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Spill is Not a Winner for Fish

by Ken Earlywine
The Columbian, January 21, 2018

Water flows through The Dalles Dam on the Columbia River, in The Dalles, Ore. A federal judge recently ruled that The Army Corps of Engineers must provide additional spill at eight federal dams along the Columbia and Snake Rivers this spring. The spill will aid out-migrating juvenile spring Chinook headed to the ocean. An appeal is pending. (Rick Bowmer/The Associated Press) This is in response to the Jan. 18 story, "Spill decision 'big win' for fish," praising the decision to increase the spill over spillways of the Columbia and Snake River dams, saying it is a big win for endangered spring Chinook. It might be good for them but will be a negative for other endangered fish and animals elsewhere, threatened by global warming.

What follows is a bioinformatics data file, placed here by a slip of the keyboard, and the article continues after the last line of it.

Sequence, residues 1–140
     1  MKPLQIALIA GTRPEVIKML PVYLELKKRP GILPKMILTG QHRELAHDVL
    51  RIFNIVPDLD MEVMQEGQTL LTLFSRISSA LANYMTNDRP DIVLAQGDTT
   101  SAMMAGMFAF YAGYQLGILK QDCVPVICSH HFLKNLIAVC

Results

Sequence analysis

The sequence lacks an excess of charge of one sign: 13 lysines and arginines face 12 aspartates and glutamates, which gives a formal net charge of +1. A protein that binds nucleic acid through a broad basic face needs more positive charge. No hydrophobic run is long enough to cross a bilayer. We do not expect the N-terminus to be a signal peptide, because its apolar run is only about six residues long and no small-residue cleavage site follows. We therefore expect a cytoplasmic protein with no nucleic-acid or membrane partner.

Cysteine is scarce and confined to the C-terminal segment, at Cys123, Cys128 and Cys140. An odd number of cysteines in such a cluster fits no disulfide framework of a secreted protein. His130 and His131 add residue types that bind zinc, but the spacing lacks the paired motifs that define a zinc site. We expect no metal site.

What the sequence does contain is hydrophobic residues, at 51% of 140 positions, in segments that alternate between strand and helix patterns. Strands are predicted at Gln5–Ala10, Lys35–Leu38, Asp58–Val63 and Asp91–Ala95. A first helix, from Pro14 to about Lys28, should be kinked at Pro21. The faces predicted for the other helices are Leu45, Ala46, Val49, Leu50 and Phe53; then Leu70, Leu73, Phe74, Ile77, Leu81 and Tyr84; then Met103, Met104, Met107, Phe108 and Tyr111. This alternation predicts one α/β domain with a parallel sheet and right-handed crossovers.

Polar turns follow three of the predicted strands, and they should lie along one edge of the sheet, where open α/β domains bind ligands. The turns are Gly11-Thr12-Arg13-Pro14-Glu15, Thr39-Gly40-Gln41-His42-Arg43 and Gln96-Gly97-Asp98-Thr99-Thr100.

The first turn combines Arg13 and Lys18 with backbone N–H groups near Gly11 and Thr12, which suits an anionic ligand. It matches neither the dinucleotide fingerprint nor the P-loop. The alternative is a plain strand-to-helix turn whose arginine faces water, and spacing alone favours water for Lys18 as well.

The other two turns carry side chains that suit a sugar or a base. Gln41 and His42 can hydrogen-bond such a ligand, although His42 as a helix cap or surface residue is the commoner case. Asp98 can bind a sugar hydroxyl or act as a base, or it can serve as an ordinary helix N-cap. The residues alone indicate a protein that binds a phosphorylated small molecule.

Hundreds of millions of dollars worth of non-carbon megawatts will be replaced each year with carbon-based generation. Was this not considered in the equation for protecting endangered species? Ultimately, warm rivers from climate change threaten all salmonids in the Northwest. High flows over spillways increase harmful dissolved gases. Ultimately, not spilling may be the best environmental choice.

Ken Earlywine, Vancouver
Spill is Not a Winner for Fish
The Columbian, January 21, 2018

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